Convert any function with side effects to testable side-effect-free

When dealing with legacy code (== code without existing tests), the first task before making behavioral changes is to prepare characterization tests. The easiest way to achieve that is to separate the pure computation from communication inside the existing functions.

But it is a daunting task, because you do not have tests in the first place to help you transform the code into a testable format. Attempts to “wrap” existing side effects usually create an awkward layer of testing middleware. In the worst case this helper library becomes so complex that it needs tests for itself. It is way more “test helper” code than should be desirable.

I’ve come up with a simple transformation to extract the “computational kernel” from an existing function into a separately callable piece of code. Unwanted dependencies are injected as new function parameters. This way, you can keep the original impure function so that its callers are not affected. For the tests, you can exercise its extracted kernel without fear of crosstalk or a need for slow fixtures dealing with side effects.

I use pseudo-C++ below, but the idea should be applicable to many imperative languages. Consider the next function definition as a starting point.

global_config_t config = {...};

return_type_t do_work_with_side_effects(param_type param) {
    ...
    handle h = open_resource(param);
    ...
    if (config->param) {
        ...
    }
    ...
    close_resource(param);
    ...
}

I’ve omitted ... all the parts that do not cause side-effects or access global data. When it comes to testing it, this function has two problems.

  1. It depends on the global variable config. Things are half-bad if it is accessed in read-only manner. If the global gets updated, things are worse. If there are several test cases in the same file, care should be taken to re-initialize config between running them. Running test cases in parallel in the same memory space is out of question.

  2. It calls other functions (open_resource and close_resource) which produce side effects (access filesystem, network, database, maybe do locking etc.) As a result, calling do_work_with_side_effects will also cause side effects.

Both these dependencies make it very inconvenient to include do_work_with_side_effects in any tests.

Let’s extract the computational kernel of this function line by line. Whenever we see a new symbol that is not one of its formal arguments, we convert it into the argument. The global variable becomes a parameter, and functions previously called directly become function references.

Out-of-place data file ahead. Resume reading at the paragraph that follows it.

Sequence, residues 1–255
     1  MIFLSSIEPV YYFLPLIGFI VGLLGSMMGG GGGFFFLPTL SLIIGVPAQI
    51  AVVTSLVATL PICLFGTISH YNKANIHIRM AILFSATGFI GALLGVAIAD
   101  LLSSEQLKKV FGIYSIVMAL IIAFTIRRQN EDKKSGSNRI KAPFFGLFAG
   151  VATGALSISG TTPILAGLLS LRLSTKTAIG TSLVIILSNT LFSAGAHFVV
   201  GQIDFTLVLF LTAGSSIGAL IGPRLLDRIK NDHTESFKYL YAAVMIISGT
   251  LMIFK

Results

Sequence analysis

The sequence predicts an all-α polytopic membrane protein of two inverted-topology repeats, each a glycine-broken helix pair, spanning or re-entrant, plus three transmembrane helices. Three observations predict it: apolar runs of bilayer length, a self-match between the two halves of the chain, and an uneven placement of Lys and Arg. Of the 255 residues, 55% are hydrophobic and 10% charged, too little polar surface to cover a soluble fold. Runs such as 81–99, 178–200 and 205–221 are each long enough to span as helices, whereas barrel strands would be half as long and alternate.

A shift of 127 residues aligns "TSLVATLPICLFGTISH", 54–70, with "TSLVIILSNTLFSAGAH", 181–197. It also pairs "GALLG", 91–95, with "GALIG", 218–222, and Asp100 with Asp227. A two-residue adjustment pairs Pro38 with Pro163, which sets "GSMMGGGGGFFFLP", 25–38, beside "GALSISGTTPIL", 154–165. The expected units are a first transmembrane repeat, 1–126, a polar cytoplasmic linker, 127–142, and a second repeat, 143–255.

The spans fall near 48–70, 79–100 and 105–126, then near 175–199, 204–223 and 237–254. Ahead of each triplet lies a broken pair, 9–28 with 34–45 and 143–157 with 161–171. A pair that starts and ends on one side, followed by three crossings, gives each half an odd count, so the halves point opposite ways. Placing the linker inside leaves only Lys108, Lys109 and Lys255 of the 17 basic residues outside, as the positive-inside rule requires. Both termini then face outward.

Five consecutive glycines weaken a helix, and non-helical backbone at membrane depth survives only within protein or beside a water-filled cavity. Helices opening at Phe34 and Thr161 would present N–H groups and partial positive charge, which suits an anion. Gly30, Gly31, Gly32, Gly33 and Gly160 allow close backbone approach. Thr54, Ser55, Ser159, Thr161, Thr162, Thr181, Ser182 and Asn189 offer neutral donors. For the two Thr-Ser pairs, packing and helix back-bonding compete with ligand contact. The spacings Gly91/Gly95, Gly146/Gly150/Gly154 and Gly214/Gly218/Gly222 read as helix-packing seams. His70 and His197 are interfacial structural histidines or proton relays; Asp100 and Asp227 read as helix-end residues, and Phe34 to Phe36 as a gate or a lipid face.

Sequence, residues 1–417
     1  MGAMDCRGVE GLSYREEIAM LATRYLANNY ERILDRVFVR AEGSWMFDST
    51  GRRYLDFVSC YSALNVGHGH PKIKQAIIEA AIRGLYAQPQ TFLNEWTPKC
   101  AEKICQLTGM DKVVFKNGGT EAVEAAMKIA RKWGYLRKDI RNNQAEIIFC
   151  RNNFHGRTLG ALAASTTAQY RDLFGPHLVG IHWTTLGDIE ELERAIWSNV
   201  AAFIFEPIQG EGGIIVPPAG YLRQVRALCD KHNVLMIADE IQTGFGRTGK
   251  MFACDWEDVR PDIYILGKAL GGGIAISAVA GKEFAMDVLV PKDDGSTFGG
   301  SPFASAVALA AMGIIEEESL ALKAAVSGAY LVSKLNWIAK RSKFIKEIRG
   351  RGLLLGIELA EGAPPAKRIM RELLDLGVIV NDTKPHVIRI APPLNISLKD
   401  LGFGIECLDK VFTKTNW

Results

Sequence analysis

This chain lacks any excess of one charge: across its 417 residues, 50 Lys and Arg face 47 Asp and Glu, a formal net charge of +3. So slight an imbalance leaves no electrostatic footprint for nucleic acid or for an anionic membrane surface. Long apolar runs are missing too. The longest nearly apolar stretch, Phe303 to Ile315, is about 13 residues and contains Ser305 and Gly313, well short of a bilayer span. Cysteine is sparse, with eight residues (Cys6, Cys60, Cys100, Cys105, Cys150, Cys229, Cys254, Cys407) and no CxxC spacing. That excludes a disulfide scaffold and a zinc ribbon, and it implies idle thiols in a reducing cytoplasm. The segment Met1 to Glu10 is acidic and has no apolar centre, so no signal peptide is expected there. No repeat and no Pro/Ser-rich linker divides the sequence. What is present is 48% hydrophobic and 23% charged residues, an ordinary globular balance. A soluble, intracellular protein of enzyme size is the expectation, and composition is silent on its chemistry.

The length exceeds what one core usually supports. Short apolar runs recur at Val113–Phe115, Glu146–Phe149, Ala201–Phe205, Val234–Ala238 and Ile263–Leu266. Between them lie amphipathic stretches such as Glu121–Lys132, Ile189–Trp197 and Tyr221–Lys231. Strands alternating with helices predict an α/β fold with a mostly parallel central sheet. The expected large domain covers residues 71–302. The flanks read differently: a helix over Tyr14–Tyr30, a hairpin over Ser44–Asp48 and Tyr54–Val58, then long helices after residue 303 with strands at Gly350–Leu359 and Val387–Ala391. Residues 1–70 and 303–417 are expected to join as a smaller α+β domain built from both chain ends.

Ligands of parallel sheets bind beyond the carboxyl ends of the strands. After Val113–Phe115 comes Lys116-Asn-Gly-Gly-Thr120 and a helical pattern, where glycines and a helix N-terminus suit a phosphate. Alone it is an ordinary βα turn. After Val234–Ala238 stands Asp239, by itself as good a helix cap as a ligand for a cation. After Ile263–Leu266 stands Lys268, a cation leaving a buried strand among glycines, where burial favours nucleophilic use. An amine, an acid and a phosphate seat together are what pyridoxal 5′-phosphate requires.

return_type_t do_work(param_type param,
    global_config_t &local_config,
    open_function_t &open_fn,
    close_function_t &close_fn) {
    ...
    handle h = open_fn(param);
    ...
    if (local_config->param) {
        ...
    }
    ...
    close_fn(param);
    ...
}

The original function now becomes a wrapper around do_work. For all newly added parameters, it passes the original references to the global data and impure functions.

global_config_t config = {...};

return_type_t do_work_with_side_effects(param_type param) {
    return do_work(param, config, open_resource, close_resource);
}

Note how all of the computational logic of do_work_with_side_effects has been moved to do_work. The only responsibility left for the former is to bind the fixed list of parameters, and pass through the original parameters (in this case param), to the latter.

For this to work, the language has to support some sort of function and data pointers or references. Most of them have such support.

do_work is testable now. If you avoid passing functions with side-effects to it, its operation will stay side-effect-free! This is exactly what is needed for tests. Pass mocks, stubs and spies to retain fine control of what state gets changed.

// In a test

static void test_do_work() {
    global_config_t mock_config = {...};
    open_function_t stub_open = {... /* lambda or any other executable code */ };
    close_resource spy_close = {...};
    ...
    auto result = do_work(param, mock_config, stub_open, spy_close);
    ...
}

There is no need to modify any callers remaining in the existing production code at all because the signature and behavior of do_work_with_side_effects has not changed at all. But notice how future code can also call do_work directly instead.


Written by Grigory Rechistov in Uncategorized on 01.11.2022. Tags: refactoring,


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